1. It’s so true, isn’t it, rivergirl? Watching the different species gather in different parts of our garden at their favorite feeders is really quite amusing. I am able to attract many species by working at special feed and good nesting and water sources, but it is still a suburban garden,and there are limits! I can only imagine what you must see! I am a little bit envious of your country life…envy in only the nicest of ways, of course! LOL! ๐Ÿ™‚

  3. Lovely poem and very apropos. We’re going to be in San Diego for a couple weeks, so “our” birds will probably get their beaks out of joint because they’ll empty the feeders and we won’t be here to refill them. I hope they forgive me.

    1. I suppose they must make do without you and hopefully return with gratitude for what you typically provide, Jim. We always have to pay a pet sitter for our other animals so we can usually ask that the feeders be filled, too, but still, who is going to fill them multiple times a day other than me! I’m actually glad that the birds aren’t too active in winter because we may need a break! Enjoy your San Diego trip! I can still picture that beautiful view from your deck. So nice! ๐Ÿ™‚

  4. We have 4 bird feeders so obviously I am a crazy bird person. The last week or so we’ve had a hawk hovering. They typically catch rodents but this one seemed to be in for some gourmet eating. I didn’t see him catch anything but then again, I didn’t watch him every time he came. I was always amazed at how the birds knew he was there. When he quietly perched. There wasn’t a bird (or chipmunk or squirrel) in sight. He obviously has to work for his dinner.

    1. When the hawks come into our area, especially if they’re perched nearby, the birds just disappear! I have a vine covered fence in the back that isn’t very pretty but I have protected the ugly greenery because the birds dash into the thickness of it as protection. I wish they’d show more interest in the rodents and stay away from the birds! I love that we share the title “crazy bird lady,” Kate. It’s such a relaxing little hobby!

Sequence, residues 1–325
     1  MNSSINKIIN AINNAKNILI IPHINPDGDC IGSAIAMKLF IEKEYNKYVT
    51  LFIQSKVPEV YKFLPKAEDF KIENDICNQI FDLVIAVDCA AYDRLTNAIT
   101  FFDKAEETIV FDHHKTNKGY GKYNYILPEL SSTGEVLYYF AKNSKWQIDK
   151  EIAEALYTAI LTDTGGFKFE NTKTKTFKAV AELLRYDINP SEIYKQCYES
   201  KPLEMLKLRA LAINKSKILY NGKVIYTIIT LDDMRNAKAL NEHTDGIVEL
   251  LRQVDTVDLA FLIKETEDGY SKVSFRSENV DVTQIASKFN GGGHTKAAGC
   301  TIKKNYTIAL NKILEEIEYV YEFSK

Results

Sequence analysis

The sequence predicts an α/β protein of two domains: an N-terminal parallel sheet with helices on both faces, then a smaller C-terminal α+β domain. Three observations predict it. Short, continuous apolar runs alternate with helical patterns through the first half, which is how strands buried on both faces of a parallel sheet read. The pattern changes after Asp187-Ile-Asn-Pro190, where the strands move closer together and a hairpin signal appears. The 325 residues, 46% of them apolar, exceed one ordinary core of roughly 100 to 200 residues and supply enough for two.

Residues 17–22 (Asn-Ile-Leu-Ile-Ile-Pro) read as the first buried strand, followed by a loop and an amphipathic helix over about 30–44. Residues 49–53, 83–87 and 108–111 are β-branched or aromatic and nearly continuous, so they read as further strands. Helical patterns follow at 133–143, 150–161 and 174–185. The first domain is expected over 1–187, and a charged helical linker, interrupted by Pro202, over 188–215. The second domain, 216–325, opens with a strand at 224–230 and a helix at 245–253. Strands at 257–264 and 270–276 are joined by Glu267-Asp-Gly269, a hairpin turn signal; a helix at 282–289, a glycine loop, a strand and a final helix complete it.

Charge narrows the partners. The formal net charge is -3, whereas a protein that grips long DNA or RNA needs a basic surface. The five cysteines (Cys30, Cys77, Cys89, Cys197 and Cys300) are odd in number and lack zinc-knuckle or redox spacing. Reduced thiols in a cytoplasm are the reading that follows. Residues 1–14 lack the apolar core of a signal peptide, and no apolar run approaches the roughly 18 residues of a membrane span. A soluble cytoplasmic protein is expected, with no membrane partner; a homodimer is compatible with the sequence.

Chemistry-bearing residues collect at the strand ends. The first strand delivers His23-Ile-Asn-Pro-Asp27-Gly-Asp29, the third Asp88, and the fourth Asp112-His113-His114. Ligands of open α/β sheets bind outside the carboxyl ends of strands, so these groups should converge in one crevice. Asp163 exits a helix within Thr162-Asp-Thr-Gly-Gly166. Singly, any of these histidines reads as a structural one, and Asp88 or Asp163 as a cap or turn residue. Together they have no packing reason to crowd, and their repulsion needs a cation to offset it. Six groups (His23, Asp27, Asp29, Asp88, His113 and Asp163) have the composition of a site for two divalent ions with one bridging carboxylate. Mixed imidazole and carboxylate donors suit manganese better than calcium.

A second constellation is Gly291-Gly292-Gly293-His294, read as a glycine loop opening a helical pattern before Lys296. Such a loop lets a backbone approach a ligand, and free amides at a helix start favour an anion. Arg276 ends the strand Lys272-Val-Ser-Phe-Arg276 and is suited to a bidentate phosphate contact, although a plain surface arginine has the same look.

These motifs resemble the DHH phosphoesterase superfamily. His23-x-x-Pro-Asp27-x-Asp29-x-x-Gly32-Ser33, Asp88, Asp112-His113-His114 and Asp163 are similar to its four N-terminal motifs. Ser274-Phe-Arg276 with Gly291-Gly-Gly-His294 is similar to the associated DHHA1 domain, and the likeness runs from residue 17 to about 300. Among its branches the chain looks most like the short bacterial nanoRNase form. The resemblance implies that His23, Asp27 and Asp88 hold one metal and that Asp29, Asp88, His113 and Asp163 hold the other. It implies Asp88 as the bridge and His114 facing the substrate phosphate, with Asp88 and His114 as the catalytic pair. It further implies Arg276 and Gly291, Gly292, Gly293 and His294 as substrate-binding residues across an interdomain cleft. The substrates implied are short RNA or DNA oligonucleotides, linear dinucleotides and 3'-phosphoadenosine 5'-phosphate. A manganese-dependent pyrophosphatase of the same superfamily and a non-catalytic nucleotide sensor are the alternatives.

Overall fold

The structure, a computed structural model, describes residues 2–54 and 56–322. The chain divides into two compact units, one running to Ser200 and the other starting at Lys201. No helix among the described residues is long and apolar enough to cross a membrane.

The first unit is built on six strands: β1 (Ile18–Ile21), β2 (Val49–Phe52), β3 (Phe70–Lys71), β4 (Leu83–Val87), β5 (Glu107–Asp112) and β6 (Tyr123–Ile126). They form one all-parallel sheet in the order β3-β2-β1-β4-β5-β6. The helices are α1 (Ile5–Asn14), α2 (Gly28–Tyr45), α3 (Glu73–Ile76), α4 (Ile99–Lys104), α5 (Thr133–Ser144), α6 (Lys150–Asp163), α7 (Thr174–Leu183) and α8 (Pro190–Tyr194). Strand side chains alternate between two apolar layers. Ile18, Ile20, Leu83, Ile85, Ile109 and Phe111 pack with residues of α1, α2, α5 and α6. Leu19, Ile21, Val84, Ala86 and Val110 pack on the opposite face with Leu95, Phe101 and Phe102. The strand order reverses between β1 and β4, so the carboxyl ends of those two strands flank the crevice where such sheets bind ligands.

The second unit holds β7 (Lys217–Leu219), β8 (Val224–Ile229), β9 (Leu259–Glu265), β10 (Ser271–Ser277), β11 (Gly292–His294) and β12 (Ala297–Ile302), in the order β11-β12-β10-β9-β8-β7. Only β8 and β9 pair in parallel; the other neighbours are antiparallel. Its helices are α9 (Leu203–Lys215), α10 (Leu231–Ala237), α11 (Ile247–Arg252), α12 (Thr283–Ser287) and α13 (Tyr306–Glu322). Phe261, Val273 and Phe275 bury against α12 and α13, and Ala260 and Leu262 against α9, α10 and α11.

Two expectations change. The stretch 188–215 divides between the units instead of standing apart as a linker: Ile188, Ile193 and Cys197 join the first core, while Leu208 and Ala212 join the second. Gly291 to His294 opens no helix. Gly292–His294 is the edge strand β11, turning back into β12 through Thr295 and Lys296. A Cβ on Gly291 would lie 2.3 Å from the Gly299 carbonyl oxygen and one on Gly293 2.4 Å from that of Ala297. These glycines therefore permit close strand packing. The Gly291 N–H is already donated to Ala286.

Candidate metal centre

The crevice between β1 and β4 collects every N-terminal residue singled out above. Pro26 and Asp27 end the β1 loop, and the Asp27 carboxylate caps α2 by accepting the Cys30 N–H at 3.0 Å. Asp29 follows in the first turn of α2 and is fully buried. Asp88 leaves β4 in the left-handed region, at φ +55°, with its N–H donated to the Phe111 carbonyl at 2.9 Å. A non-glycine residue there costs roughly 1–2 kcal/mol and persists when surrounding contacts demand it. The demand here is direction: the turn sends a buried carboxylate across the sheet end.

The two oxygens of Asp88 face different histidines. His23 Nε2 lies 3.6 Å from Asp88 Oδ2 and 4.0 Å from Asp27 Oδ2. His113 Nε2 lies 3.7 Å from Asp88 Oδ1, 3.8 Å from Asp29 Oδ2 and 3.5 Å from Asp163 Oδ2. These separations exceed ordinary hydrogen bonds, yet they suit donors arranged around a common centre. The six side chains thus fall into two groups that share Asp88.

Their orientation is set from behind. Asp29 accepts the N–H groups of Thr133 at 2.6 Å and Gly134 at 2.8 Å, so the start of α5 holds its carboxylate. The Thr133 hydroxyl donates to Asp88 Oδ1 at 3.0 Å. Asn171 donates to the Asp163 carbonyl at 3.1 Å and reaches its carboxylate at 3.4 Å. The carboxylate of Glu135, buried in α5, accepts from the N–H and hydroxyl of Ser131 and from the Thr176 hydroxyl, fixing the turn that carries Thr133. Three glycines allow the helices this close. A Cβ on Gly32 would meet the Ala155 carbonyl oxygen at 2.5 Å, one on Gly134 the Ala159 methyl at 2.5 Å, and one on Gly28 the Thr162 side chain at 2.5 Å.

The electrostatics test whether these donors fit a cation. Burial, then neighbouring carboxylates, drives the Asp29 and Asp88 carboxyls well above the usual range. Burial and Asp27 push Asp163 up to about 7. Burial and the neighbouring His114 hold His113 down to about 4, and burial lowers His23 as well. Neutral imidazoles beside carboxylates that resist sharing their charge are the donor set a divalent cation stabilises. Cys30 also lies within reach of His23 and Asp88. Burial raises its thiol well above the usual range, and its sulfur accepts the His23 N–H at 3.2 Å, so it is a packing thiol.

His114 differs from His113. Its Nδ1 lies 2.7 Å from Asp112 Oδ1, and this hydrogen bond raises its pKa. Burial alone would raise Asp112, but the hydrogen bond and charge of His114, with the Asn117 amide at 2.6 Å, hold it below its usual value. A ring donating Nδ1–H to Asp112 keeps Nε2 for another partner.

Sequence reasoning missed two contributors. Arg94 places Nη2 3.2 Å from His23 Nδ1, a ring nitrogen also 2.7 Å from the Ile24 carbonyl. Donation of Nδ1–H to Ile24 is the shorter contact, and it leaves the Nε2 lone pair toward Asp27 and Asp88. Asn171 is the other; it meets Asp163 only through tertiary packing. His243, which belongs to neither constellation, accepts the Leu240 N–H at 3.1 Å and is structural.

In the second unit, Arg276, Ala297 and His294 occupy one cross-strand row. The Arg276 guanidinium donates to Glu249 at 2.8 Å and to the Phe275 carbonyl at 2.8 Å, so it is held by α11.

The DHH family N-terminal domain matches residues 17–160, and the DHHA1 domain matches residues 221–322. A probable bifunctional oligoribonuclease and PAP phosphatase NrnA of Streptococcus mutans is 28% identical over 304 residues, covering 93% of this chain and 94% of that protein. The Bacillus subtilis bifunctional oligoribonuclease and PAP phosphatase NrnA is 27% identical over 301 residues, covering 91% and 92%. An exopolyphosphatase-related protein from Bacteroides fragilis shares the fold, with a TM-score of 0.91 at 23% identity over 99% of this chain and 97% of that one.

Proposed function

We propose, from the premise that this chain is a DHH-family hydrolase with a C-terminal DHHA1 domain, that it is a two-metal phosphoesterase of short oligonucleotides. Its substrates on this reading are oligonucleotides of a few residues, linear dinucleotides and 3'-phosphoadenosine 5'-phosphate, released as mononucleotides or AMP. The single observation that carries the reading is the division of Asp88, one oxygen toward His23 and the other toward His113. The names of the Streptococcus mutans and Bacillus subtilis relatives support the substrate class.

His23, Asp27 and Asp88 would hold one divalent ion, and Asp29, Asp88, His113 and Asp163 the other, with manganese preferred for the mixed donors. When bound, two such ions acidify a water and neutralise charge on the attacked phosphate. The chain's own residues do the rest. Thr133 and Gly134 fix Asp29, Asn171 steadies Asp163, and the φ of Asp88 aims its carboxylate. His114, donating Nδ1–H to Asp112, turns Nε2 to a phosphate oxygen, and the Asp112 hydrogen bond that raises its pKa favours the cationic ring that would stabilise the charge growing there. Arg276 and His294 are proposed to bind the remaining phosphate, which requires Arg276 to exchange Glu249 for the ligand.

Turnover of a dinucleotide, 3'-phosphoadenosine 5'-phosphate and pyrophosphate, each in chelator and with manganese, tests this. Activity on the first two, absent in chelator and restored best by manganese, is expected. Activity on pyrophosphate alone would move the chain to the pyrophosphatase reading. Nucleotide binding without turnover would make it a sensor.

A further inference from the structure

1. Thank you so much for stopping by and sharing, V.J. I appreciate meeting someone else who appreciates the gift of birds and all they offer in their interesting habits! And I’m glad you enjoyed Mary Oliver, as well. ๐Ÿ™‚

  5. I’m sorry that you had to remove that magnificent tree! But, wildlife adapts (often way better than we do) and I’m not surprised that they have found alternative perches. We just removed some overgrown rosemary that the bees loved and I felt terribly guilty. I’m already planning on drought-resistant, bee-friendly replacement plants.

  6. No, I didn’t know it but thanks for sharing ‘the untrimmable light of the world’. ๐Ÿ™‚ ๐Ÿ™‚ I’m not hugely a bird person. We have two fat and very dumb wood pigeons who cavort in our garden and I regularly cuss them for the poo they deposit on my best garden seat. I do have a weakness for robins though. They are so bright-eyed! And owls, of course, but I’ve never seen them in the wild. So much joy to share, Debbie!

  7. I discovered Mary Oliver only recently and have been captivated by her thoughts about nature. I hadnt come across “Mindful” and I am grateful to you for telling me about it. Do you know “Summer Day”? The two poems seem to complement one another.

  8. It’s always sad when a tree has to go – they almost become members of the family don’t they.

    Nice selection of birds Debra. I’m surprised that you don’t often get Gulls. We have them throughout the year in London, mainly around open spaces. Most are Black-headed Gulls which are quite a small species but in the autumn and winter we will get lots of Lesser black-backed’s and Herring Gulls which are very large birds. At this time of the year there will a flock of them on the pitch at the football club until the groundsman turns on the sprinklers!

    I had to stop feeding the birds in our garden at the end of last winter. Unfortunately we had a mouse infestation to deal with and I had to remove the food source (seed discarded by the birds). I’ve now successfully removed all the mice from the house by trapping them and then releasing them down at the local nature reserve. Fortunately our Rowan tree was providing a great source of insect food throughout the summer but autumn is now here and the temperature has dropped significantly in the last couple of weeks.